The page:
Lazing With A Ruby


[Ben Krasnow], builder of amazingly complex and technical devices, is finally starting work on his ruby laser. He’s been collecting parts for this project for the past few years, but only recently has he started recreating the first visible light laser.

While the design and manufacture of the first ruby laser was astonishingly complex, the basic idea behind it is pretty simple. [Ben]’s laser uses a synthetic ruby rhod with the ends ground optically flat. This rod is placed inside a flash tube. When the flash tube lights up, the rod absorbs the light and re-emits it as a coherent beam for several milliseconds. This beam bounces between two mirrors – one fully reflective and another partially reflective – and emits a constant stream of coherent photons. It’s tremendously more complex than simply connecting a laser diode to a power source, but replicating a build that graced the covers of Time and Newsweek only fifty years ago is pretty impressive

Right now, [Ben] has most of the mechanical and optical parts of his ruby laser on his workbench. The next step is constructing a huge capacitor bank to charge the flash tube every millisecond or so. What [Ben] will end up using his laser for remains up in the air, but if we come across some erbium or neodymium rods we’ll be sure to send them his way.

34 thoughts on “Lazing With A Ruby

  1. Rod. It is a rod.


    edit v.

    1. prepare (written material) for publication by correcting, condensing, or otherwise modifying it.

    I suppose a ruby laser would seem incredibly complex when the simple process for preparing a couple paragraphs in the production of profit is just too unmanageable.

      1. *You’re







        I think it is the whole ‘expecting to be competent at communicating in order to have a job or post-secondary education’ thing that brings people to the chuckle-fuck fold.

    1. As strider_mt2k and… that other guy have pointed out, it’s supposedly a reference to the movie “The 5th Element”.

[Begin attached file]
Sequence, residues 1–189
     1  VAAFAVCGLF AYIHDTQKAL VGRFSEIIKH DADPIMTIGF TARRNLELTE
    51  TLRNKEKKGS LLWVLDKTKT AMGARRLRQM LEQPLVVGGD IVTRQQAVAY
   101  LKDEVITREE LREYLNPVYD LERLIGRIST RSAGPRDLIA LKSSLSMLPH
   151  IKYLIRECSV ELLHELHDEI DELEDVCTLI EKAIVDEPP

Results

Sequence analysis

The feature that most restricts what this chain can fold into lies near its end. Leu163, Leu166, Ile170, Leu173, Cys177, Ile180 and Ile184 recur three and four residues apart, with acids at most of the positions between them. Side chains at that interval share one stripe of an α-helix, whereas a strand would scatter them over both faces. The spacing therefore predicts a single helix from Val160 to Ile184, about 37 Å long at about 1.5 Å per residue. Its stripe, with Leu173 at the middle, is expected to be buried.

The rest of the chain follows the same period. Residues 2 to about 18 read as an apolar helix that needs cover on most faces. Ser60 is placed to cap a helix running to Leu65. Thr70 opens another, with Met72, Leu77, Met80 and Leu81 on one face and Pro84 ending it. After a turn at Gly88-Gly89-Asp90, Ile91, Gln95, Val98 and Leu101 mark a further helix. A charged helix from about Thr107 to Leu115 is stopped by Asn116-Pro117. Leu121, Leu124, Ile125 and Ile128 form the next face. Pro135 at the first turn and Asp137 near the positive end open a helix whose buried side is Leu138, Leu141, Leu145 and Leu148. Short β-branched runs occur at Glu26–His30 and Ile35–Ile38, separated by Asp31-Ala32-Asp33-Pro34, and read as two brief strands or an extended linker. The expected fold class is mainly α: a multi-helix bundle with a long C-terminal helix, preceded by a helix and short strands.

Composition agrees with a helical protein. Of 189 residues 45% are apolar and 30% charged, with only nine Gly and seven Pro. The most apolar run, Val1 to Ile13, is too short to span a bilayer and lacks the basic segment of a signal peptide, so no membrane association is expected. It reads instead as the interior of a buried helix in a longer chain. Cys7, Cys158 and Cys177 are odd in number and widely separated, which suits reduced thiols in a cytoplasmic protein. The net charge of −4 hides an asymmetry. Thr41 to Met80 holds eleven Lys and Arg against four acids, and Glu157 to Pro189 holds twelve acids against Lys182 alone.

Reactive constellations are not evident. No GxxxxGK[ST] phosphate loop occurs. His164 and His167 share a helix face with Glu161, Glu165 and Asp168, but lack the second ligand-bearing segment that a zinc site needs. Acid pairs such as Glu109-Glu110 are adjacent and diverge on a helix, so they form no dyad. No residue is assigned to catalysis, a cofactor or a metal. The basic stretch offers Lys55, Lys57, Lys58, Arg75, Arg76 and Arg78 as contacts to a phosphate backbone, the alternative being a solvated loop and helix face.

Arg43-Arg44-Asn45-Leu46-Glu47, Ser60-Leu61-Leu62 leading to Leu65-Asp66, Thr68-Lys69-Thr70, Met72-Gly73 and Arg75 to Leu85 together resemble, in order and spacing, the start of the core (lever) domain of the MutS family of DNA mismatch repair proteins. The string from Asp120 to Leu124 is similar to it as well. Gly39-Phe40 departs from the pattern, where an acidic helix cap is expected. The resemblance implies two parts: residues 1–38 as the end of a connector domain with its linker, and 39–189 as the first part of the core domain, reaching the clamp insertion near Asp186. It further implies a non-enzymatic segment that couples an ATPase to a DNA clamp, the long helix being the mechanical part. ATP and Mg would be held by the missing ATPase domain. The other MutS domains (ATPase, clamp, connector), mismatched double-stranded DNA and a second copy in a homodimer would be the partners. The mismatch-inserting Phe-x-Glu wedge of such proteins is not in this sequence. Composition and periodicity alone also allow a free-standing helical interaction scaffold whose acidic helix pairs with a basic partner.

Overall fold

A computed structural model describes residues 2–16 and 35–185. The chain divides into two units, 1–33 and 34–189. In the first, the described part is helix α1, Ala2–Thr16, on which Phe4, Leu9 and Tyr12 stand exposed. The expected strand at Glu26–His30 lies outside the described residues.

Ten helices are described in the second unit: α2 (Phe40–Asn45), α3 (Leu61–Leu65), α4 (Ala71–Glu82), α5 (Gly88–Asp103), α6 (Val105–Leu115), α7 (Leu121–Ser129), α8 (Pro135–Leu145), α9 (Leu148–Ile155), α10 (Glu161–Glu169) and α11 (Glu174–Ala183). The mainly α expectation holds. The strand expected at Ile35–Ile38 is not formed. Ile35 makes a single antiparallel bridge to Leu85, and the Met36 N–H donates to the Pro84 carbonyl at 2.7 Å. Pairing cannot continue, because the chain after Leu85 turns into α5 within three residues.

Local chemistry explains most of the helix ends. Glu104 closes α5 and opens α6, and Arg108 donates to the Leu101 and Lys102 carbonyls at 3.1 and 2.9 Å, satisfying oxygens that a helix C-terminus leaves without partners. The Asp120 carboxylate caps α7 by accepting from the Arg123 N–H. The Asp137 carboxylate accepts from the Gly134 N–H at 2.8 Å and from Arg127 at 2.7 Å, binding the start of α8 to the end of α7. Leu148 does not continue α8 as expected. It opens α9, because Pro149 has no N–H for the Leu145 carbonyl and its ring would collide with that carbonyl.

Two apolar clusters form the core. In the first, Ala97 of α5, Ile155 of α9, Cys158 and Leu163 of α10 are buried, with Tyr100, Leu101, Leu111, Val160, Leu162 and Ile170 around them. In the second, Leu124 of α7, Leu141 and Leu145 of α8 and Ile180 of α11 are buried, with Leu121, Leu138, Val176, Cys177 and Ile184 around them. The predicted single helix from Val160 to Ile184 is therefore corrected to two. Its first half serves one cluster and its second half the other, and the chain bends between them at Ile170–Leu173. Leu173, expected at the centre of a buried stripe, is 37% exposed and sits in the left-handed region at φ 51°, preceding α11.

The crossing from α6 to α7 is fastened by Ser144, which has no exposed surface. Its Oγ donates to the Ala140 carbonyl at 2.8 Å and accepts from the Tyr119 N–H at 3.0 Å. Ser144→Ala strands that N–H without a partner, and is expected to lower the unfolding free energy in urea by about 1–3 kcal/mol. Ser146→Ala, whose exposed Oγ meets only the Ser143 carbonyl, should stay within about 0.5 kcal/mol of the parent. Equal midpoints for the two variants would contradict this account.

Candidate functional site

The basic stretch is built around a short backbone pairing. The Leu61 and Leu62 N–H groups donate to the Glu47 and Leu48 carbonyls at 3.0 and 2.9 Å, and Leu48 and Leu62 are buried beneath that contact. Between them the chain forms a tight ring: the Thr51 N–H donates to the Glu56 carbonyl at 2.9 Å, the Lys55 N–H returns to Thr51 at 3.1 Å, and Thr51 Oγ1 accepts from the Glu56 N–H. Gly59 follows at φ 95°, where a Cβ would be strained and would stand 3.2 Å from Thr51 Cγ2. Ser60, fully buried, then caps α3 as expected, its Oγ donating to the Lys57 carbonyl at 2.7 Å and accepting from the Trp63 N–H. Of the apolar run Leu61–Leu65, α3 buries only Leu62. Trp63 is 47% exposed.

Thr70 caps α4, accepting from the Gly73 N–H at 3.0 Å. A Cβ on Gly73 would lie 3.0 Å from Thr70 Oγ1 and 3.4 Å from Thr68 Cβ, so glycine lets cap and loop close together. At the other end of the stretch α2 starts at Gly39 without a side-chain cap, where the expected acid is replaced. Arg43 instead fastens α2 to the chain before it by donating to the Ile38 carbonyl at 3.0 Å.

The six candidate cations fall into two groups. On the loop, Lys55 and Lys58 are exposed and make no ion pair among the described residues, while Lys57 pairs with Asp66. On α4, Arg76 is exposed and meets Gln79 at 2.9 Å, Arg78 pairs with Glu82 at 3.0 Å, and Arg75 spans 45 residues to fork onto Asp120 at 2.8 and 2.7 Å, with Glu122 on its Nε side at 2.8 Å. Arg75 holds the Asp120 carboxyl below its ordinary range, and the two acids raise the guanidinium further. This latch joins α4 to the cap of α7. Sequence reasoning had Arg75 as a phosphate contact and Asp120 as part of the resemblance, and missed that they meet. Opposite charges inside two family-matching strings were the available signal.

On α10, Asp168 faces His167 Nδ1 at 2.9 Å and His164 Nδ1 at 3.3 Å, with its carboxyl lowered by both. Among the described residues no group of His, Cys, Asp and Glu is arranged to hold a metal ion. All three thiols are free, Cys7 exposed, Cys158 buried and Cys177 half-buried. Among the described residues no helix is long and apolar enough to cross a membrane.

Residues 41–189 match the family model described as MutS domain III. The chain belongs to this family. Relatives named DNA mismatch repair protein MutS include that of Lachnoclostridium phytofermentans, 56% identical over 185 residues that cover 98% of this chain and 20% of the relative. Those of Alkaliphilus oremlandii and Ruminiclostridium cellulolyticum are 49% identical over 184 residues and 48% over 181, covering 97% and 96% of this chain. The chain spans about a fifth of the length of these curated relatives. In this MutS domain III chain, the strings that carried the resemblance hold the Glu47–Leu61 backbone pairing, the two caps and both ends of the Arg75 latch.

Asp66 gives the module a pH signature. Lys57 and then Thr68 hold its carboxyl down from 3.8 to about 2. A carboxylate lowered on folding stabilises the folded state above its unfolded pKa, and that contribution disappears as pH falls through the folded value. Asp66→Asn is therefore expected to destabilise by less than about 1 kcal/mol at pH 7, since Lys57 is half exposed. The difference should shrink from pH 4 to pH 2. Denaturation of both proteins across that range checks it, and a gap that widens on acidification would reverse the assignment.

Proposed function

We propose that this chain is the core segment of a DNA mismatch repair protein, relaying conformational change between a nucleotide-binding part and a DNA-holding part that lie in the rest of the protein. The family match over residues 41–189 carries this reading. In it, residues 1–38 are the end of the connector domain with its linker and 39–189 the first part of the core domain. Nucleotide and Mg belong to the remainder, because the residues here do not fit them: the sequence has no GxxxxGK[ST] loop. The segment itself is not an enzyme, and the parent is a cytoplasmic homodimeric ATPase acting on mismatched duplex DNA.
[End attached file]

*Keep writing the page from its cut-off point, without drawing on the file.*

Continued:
I don’t quite fully understand the need for said reference myself (maybe I could understand if Ben had used said reference), as I feel it somewhat needlessly subtracts & distracts from the post topic content, but it’s not my site, and Brian can write what he wants.

      I’ve said it before, and I’ll say it again. If the content of the HaD summary really does p*ss everyone off so much, then just scan the key words and click on through if it sounds interesting! It’s become my method, so much so that I hadn’t even noticed the “rhod” until it was s̶o̶ ̶p̶o̶l̶i̶t̶e̶l̶y̶ pointed out.

      In fact, it appears a good deal of the people who visit this site now do so just to poke holes in the write-ups.

      You’re not paying for it, so give it a rest. It’s getting kind of old.

  2. It would be very nice of you to send him (or, indeed, me) an erbium or neodymium rod, however I am not sure why you would do so. These are metallic elements; thus opaque. Not exactly useful for lasing.

        1. Yep. erbium and neo-doped yittrium aluminum garnet. The YAG is colorless; the doping adds the color and does all the lazing stuff.

          It’s the same way with rubies; Aluminum Oxide doesn’t laze. Add some chromium and it becomes a ruby and shoots lazers.

  3. I gave up on the video. If you want to hold people’s attention with a science video, show the thing working at the start. That’ll hook those who care into watching the explanation.

    It’s a frikkin laser, I want to see it working. (Shark head mounting optional.)

  4. Why a flash lamp and not laser diodes for the pump light? For historical accuracy? Rod lasers can be pumped much more efficiently by diodes. A flash lamp’s pump efficiency is about 7% at best. Diode pump efficiency can be 30%+.

    1. Laser diodes need to have a wavelength matching the absorption spectrum of the rod being pumped, which can be a PITA and expensive to find (and sufficiently good alignment could be a bit fussy as well). Flash tubes are much easier to make work – even if you have to use xenon tubes instead of krypton, you can still make it work. Just less efficiently than the “optimal” coupling solution.

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